My finals are steadily approaching. With 68 days left (yes, I counted) until they finish I have just about managed this week to get down to some serious revision. I also managed to complete a submit-able (well…) draft of my thesis, and completed the appendices (a coin catalogue and corresponding plates).
For many weeks my finals have loomed in the distance somewhat threateningly, offering the prospect of dashing my future plans, reducing me to a puddle of stress and anxiety, and potentially throwing the rest of my life into chaos. That was something I wanted to avoid, a repeat of the mess that forced me to take a year out when I sat my first set of Oxford exams. “Honour moderations”, a set of 10 3-hour exams packed into a tight two week schedule, just about managed to be completed without incident the second time round (aside from a rogue fire alarm during my Homer exam).
This time they will be spread over three weeks, which offers a bit more breathing space, and 3 of my 10 exams will only be 1.5 hours long. Fortunately I will not have to sit too many back to back on the same day, although some of my friends who chose different options have not been so lucky. Thus far I have mainly been focusing on the papers for which I don’t already have decent revision notes (a quirk of the Oxford system are termly “collections”, mock exams held ostensibly to monitor your progress, and more often to maintain the illusion of “rigour”).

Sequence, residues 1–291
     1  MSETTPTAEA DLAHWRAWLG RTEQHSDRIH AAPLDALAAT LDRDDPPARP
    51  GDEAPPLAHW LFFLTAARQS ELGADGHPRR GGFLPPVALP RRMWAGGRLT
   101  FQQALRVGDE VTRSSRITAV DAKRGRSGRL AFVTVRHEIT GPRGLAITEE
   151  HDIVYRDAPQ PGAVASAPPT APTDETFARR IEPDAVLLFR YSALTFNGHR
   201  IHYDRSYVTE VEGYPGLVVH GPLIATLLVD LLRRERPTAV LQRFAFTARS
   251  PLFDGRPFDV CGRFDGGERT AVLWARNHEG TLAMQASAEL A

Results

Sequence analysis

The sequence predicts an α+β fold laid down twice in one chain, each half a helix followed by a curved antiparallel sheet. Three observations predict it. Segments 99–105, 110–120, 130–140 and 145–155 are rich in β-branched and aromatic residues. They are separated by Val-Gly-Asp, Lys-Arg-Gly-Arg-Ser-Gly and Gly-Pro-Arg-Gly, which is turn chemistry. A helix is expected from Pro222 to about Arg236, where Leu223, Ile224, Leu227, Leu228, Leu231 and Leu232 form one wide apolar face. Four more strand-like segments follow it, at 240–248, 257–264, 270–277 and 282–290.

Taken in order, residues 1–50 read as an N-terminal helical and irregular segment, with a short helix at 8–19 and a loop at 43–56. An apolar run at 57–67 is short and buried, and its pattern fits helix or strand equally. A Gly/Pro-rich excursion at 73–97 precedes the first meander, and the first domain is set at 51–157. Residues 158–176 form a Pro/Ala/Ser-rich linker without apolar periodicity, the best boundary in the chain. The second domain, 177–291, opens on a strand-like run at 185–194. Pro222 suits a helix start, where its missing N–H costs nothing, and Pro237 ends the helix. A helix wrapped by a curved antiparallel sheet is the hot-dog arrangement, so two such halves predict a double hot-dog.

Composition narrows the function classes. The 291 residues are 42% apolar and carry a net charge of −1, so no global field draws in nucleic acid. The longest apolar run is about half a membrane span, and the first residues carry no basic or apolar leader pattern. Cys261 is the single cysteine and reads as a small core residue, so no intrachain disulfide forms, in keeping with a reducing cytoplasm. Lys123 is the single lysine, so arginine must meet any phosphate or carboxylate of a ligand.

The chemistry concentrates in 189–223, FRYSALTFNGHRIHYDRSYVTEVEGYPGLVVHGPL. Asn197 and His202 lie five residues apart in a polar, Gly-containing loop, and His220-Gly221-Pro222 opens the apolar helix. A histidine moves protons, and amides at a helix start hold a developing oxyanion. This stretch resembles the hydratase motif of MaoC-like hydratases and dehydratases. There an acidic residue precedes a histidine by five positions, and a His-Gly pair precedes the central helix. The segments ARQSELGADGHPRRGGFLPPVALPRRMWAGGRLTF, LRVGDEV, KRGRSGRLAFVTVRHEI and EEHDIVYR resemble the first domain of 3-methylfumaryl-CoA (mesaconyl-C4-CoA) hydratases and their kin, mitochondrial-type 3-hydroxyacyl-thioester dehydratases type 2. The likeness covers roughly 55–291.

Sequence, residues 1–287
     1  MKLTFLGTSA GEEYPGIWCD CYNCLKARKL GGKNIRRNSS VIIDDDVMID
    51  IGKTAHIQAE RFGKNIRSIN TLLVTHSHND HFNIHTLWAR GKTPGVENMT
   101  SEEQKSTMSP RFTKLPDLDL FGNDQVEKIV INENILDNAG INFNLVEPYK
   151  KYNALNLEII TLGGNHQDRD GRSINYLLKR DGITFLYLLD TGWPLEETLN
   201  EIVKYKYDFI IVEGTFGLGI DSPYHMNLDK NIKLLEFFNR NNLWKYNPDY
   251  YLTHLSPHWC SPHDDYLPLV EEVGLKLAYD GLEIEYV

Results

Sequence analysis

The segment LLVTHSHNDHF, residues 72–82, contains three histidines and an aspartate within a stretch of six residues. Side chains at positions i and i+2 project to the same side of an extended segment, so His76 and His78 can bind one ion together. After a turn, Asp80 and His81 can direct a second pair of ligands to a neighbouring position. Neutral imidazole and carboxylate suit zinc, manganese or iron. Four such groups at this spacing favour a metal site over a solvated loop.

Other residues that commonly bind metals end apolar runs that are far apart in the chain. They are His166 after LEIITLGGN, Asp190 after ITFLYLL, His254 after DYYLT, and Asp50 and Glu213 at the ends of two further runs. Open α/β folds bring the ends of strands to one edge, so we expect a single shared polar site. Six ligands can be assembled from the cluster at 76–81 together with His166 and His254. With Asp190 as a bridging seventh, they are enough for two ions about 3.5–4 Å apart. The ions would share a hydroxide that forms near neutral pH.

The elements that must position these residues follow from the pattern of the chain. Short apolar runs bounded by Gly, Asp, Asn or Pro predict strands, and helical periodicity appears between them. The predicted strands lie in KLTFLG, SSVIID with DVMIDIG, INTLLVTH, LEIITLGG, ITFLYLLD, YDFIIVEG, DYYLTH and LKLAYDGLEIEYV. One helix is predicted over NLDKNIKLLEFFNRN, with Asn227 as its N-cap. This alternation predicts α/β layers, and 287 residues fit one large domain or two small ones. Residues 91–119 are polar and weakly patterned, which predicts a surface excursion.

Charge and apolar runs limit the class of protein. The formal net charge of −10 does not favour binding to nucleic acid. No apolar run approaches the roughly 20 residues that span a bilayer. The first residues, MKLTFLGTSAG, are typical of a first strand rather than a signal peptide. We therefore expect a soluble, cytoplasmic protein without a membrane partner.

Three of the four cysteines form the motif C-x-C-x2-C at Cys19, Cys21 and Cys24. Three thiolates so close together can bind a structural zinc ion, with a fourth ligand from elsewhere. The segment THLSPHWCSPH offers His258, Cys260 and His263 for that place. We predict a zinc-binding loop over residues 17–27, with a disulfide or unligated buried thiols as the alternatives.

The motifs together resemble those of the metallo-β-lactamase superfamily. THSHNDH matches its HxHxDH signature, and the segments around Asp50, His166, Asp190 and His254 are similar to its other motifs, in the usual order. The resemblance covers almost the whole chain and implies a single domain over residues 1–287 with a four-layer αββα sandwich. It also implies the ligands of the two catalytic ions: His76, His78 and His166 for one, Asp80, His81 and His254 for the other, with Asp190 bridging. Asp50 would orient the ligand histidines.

Today I went for a long walk in Port Meadow, a large green space near to my flat used for grazing horses and other animals.
It is satisfying to take a day off when you have done something concrete to earn it, and I even ventured as far as to order a pint in the pub at the end of my walk and smoke two cigarettes while basking in the sun. Although spring starts in March, it has only really started to seem like it in the last few weeks. This has meant, among other things, that my seasonal depression has started to lift and I am starting to feel more like a human being again, calmer and motivated and even optimistic. Sixty-eight days – it’s just a countdown, now, isn’t it?